This is the trap - I know that. Language acquisition doesn't happen fast for most, and trying to learn with 35 easily distracted classmates surrounding you can't be easy. Still, my head needs to be in the game. I feel that part of what I need is a dose of University-level conversation to clear my mind, and to remember that I can actually speak in complex sentences still. My students deserve to be inspired, and with all of these obstacles that I see in my way when it comes to making those 45 minutes of class engaging enough, well... I guess I just need to stop placing those obstacles there of my own volition. I have been inspired though - some students have really surprised me with their sudden interest born from a good effort in class one day, and a little encouragement to help it along.

It's about small steps for these kids. I need to keep reminding myself of a few things: that no teaching environment is perfect, that not every student is going to possess the desire to learn a second language, and those that do are going to need to do so at a speed that doesn't allow for the introduction of Mark Twain's "What Stumped the Blue Jays." It's too obvious, but I'll say it anyway with the hope that my putting it in writing will wake me up: it is also about me, but my time with my students is more about them.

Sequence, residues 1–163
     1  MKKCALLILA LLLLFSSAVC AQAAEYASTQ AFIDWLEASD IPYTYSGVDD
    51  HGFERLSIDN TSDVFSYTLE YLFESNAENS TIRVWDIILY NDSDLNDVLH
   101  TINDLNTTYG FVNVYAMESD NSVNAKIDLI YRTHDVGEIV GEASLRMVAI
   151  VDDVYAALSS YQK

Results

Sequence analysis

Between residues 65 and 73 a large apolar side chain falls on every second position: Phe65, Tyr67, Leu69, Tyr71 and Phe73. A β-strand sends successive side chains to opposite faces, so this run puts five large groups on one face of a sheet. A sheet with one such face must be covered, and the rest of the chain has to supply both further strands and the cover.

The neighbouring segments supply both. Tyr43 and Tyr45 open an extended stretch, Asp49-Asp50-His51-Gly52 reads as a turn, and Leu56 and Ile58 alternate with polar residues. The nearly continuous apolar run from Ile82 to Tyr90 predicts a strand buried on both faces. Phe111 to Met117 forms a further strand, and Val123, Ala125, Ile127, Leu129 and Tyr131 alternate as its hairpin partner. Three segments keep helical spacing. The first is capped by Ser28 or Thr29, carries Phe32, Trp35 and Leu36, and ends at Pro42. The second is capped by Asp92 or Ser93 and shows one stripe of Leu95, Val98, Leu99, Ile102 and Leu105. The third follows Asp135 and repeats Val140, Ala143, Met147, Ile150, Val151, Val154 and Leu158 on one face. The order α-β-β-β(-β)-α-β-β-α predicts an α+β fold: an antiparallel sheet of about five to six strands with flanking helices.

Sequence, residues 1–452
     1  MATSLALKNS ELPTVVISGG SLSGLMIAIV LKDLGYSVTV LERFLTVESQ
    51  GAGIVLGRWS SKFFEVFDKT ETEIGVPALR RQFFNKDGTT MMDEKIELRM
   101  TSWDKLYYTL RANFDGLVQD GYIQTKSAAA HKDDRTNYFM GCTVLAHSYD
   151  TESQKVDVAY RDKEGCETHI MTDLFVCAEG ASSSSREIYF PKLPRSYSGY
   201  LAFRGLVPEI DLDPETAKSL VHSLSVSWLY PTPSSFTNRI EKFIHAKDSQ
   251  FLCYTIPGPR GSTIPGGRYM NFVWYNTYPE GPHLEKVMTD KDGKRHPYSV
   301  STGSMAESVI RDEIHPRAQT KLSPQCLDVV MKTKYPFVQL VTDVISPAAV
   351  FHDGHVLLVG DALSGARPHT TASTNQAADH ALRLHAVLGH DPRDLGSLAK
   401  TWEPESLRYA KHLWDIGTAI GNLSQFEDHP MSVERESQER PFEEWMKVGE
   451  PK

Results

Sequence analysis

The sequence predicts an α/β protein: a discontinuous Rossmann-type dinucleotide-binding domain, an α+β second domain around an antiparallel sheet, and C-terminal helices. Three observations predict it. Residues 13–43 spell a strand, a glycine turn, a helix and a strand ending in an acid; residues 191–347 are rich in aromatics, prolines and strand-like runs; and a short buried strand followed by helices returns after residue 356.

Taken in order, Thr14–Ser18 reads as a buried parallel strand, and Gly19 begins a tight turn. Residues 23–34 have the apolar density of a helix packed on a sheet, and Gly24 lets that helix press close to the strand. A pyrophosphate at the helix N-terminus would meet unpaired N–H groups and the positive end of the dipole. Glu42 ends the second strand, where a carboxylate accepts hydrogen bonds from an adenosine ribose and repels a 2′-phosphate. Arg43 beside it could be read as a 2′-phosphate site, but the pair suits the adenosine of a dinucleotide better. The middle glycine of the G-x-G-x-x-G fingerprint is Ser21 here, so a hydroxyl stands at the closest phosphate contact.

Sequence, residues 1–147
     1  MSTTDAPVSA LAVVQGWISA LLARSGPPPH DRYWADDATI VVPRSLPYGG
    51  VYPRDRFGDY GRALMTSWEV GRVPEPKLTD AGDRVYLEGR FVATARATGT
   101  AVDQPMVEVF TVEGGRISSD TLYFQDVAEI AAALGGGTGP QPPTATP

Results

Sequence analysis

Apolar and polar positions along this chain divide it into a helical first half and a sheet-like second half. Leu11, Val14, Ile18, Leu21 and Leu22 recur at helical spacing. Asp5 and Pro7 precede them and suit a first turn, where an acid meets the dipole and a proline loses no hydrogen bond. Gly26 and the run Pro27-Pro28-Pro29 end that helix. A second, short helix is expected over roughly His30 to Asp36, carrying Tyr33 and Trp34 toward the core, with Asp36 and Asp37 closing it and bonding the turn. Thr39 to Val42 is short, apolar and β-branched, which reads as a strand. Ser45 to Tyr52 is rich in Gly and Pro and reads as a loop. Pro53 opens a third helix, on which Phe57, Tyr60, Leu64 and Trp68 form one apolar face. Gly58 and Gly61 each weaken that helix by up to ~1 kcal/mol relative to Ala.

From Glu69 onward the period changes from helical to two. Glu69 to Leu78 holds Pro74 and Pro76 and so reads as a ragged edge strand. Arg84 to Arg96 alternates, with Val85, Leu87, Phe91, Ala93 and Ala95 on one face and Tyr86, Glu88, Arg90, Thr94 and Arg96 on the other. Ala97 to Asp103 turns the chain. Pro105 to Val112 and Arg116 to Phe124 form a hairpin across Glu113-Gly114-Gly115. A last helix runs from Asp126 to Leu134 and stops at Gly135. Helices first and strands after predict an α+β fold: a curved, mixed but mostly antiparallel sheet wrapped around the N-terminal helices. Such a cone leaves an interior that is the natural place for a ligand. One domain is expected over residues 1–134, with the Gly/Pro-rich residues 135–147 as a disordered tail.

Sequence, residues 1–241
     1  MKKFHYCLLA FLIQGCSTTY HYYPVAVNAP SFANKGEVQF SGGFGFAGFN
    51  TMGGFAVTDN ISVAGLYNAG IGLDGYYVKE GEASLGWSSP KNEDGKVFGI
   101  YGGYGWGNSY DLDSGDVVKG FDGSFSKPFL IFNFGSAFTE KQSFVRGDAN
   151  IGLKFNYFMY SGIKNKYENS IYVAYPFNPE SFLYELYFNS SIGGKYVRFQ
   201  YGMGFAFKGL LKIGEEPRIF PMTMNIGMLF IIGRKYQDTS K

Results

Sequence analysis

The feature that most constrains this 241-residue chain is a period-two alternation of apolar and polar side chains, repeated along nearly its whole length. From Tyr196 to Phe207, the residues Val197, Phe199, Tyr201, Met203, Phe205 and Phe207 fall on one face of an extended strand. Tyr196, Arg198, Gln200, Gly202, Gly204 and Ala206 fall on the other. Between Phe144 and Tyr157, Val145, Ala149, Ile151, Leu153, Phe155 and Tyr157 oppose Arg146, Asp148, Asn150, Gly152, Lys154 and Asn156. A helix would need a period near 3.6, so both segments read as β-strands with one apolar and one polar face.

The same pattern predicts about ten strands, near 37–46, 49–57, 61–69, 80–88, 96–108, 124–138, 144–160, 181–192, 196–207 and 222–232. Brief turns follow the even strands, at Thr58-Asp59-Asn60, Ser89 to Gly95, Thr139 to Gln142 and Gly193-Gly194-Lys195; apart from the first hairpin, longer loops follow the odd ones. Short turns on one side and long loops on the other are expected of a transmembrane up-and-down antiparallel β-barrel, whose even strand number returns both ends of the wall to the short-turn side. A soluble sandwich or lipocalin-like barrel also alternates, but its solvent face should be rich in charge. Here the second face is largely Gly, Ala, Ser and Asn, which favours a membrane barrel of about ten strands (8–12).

Friday, June 5, 2009

Neo Citran

I feel like absolute trash today. I've had a fever the last couple of days and finally went to a doctor yesterday. By noon, I feel like I could fall down. Thankfully, people at work have been amazingly kind and some have even brought me care packages full of goodies like orange juice and tea to make me feel better. I'm at least on some drugs now, so here's hoping there will be some good coming out of that.

Aside from the feeling like garbage, I have to say that I've had what maybe amounts to one of my best two weeks in Korea. It involves a 3-day trip during which it feels as though I saw more of South Korea than I did during the entirety of last year, a trip to Children's Grand Park with my grade 7 classes today, a language exchange beginning with some of the teachers at my school, connecting with my students and teachers in a way I never thought possible, a first birthday party for my friend's baby boy tomorrow, and a handful of happy surprises along the way.

Of course, I would love to blog about all of these things tonight, but as it is, it would be best to leave such description until I'm not being affected by the Neo Citran and copious amounts of drugs I've ingested into my system. Hence - I'll write again in the next couple of days. Things are good.